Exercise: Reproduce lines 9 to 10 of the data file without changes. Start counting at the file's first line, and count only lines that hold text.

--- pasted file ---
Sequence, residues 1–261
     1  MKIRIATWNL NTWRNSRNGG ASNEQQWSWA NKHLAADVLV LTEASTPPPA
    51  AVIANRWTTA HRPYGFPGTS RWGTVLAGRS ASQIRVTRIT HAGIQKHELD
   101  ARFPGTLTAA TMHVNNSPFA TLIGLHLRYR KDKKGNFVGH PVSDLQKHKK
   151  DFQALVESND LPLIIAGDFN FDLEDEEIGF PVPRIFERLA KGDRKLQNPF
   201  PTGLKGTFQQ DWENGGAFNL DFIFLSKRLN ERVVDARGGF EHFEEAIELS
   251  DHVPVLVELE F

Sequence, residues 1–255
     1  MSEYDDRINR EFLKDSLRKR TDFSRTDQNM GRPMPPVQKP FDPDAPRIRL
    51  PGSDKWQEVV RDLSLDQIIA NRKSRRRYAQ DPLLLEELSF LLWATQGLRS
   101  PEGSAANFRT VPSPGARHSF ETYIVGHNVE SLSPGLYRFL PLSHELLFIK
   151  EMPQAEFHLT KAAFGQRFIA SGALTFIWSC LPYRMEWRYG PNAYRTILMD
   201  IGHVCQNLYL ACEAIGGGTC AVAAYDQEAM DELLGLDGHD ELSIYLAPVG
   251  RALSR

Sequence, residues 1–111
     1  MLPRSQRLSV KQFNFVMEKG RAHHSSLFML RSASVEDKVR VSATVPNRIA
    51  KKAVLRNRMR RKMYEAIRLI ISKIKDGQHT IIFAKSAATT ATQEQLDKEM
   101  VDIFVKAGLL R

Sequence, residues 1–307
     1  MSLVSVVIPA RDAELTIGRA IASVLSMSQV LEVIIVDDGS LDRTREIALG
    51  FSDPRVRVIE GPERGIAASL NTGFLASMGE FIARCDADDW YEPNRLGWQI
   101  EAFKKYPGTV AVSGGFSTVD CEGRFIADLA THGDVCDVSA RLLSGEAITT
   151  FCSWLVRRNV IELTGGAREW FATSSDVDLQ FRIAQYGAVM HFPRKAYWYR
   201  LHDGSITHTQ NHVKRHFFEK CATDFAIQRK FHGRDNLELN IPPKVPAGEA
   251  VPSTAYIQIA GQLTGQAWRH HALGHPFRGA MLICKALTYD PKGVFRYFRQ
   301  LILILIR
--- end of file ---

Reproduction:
     1  MSEYDDRINR EFLKDSLRKR TDFSRTDQNM GRPMPPVQKP FDPDAPRIRL
    51  PGSDKWQEVV RDLSLDQIIA NRKSRRRYAQ DPLLLEELSF LLWATQGLRS